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Wednesday, October 20, 2021

Karnataka nurse who won Florence Nightingale Award shares her success mantra

An Auxiliary Nursing & Midwifery graduate of the 1987 batch of Wenlock Hospital, she has a track record of conducting over 500 successful childbirth deliveries.

Written by Ralph Alex Arakal | Bengaluru |
Updated: September 23, 2021 7:37:11 am
According to officials, Mariamma MC was successful in implementing and overseeing several health programmes by the National Rural Health Mission at the state and central level.

Three decades since she began her nursing career, Mariamma M C, winner of the recent National Florence Nightingale Award conferred by President Ram Nath Kovind, continues to be highly motivated at work.

The 51-year-old, who now works at a Primary Health Centre (PHC) in Koila in Karnataka’s Dakshina Kannada district, shared her success mantra and said, “I see my own family member in each person who comes to me for medical assistance and the smile that they gift me when they feel better is the best I can ever ask for.” Mariamma hails from Puttur.

According to officials, she was successful in implementing and overseeing several health programmes by the National Rural Health Mission at the state and central level. An Auxiliary Nursing & Midwifery (ANM) graduate of the 1987 batch of Wenlock Hospital, she has a track record of conducting over 500 successful childbirth deliveries.

“It is some blessing from the Almighty that I could complete all deliveries without any mortality of either the child or the mother. Several children have later come to our PHC in Hoskote during their school days or some even later to greet me after their parents told them about me. Such moments are priceless and I cherish them a lot,” Mariamma told The Indian Express.

Placed first as a Junior Health Assistant at Belthangady Taluk General Hospital in December 1990, Mariamma was later transferred to Hoskote where she served at the Nandagudui PHC for over 20 years.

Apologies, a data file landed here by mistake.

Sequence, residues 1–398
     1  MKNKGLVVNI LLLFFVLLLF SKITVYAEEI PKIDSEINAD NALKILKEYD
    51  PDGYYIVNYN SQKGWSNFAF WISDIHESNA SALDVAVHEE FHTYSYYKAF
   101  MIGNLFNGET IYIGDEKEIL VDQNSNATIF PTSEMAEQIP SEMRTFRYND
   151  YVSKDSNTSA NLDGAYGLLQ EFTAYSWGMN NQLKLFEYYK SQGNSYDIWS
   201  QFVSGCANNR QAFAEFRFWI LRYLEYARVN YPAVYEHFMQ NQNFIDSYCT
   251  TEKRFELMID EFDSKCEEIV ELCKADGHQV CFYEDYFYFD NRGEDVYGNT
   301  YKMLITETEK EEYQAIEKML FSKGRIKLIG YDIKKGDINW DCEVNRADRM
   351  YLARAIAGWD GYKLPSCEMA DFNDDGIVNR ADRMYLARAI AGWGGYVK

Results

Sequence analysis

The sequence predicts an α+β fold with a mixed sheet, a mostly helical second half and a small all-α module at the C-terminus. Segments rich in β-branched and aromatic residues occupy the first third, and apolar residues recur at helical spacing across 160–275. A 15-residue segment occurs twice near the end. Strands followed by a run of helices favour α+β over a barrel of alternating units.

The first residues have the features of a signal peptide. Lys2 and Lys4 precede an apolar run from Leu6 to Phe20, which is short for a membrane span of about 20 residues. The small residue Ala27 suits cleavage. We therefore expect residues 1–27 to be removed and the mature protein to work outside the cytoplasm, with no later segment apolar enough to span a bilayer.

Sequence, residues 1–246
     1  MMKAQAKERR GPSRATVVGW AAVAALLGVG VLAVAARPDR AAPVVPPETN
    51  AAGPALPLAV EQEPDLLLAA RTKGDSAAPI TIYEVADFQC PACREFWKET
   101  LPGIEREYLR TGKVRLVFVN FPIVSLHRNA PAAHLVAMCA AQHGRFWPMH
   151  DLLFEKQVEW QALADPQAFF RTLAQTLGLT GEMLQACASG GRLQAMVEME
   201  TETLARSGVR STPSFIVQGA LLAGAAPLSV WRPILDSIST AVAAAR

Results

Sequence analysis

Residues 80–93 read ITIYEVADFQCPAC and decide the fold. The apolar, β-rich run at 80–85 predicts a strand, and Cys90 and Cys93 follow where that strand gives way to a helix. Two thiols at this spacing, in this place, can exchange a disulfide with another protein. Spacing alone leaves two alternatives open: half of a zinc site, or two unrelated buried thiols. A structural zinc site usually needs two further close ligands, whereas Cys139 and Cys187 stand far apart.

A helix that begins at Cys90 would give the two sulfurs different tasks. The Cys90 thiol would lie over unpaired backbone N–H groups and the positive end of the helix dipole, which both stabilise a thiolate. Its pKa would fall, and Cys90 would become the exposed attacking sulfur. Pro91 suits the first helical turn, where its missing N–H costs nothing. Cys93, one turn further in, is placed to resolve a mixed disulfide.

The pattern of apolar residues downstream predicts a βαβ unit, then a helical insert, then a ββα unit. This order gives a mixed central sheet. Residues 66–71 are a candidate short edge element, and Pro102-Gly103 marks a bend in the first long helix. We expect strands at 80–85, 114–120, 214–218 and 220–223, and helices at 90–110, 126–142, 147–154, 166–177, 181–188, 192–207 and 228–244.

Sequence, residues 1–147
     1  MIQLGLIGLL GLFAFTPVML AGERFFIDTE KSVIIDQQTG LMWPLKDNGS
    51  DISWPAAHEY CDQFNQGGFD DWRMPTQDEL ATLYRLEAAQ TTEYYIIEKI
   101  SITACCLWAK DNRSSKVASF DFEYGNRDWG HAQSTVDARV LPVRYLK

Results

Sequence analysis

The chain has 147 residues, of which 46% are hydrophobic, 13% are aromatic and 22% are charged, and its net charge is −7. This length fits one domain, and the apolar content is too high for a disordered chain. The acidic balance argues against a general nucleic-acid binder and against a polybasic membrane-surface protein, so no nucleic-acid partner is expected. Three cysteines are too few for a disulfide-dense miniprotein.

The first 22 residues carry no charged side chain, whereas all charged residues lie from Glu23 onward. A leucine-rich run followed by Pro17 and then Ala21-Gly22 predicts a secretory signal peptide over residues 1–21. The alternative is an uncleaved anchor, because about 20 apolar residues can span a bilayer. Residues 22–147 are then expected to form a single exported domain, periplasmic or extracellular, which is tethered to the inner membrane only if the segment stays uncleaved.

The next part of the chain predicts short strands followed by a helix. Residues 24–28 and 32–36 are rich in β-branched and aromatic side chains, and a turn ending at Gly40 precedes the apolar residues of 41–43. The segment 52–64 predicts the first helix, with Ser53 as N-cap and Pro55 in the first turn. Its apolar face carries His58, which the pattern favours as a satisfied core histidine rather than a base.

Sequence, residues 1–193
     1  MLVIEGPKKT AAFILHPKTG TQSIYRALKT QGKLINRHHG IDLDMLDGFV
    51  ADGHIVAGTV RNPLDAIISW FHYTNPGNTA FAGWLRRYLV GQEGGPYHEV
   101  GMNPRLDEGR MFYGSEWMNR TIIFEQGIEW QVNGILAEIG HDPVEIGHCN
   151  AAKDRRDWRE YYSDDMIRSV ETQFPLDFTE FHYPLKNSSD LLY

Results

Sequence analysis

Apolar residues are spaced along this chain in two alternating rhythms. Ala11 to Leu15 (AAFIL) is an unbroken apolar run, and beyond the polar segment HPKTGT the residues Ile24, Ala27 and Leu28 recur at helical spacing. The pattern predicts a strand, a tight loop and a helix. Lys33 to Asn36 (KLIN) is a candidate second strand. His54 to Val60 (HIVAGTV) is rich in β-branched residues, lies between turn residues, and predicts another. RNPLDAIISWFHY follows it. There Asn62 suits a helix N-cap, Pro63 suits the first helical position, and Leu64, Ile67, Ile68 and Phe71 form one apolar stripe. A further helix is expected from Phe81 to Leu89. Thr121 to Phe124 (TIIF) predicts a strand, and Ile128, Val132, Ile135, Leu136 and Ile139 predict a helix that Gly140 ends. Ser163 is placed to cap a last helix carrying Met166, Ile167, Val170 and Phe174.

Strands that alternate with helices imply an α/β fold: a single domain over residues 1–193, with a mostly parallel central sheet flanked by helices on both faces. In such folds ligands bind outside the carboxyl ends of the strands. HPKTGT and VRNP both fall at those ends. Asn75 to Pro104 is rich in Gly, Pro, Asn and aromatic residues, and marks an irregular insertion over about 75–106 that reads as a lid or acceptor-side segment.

While at the Nandagudui PHC, Mariamma developed a close connection with the people around. “I had developed a close connection with the people at Nandagudui and six other sub-centres linked to it right from the beginning. I would be invited to most of their family functions and the community grew together as our work there equipped them with more health awareness,” she said.

Meanwhile, Mariamma was married to Umesh, a lab technician then from Belthangady, after which she gave birth to their son Arvin U K, now a student of BCA in Bengaluru. “People from Nandagudui still say that they remember the sight of me walking kilomteres to reach the beneficiaries of various health schemes with my son, a bag and an umbrella. Their approach towards ensuring that my kid grew well and my family was assisted in case of emergencies, drew me closer to them, fuelling more responsibility towards ensuring their good health and welfare,” she added.

This is not the first time Mariamma was picked as a winner of an award for her service. She was adjudged ‘Best Health Assistant’ in 2007 and was recognised to operate the ‘Best Sub Centre’ in 2011 by the state government under NHRM.

When asked what drove her passion towards picking up nursing as a career, Mariamma said she had always aspired to serve the needy. “I used to observe how health workers were prompt to arrive with medicines, organise various immunisation drives and share knowledge on health and wellbeing with people. My interest in social work fuelled my interest to pick ANM as assisting pregnant women to bring a new life to this earth was something I considered as a blessing,” she said.

Promoted as Senior Primary Health officer four months back, Mariamma is now placed at Koila PHC in Puttur taluk, a few kilometres away from her birthplace Noojibalthila village. Born to Malayali parents M V Chacko, a farmer, and Annamma Chacko, Mariamma is the third among five children her parents raised.

Like several others, managing Covid-19 was one of the greatest learnings she had in her illustrious career to date. “We saw people panicking and fearing death. This led to many refusing even to get tested initially as they also feared social exclusion. However, we were soon able to convince them of the need to get diagnosed and get treated (if Covid positive) at the earliest to keep the infection in check,” she said.

Mariamma is one among 51 winners picked this year for the National Florence Nightingale Award, the highest national acclaim a nurse can achieve for selfless devotion and exceptional professionalism. Constituted by the Union Health Ministry in 1973, each winner is awarded Rs 50,000 as a cash prize, a certificate, a citation and a medal.

Although the event was held virtually this year owing to the Covid-19 situation, Mariamma hopes to meet President Ram Nath Kovind someday. “We (winners) have been added to a WhatsApp group where we can see and share work from different parts of the state. The group also aspires to get together someday to visit the President who would have conferred the awards directly if not for the ongoing pandemic situation,” she said with a smile.

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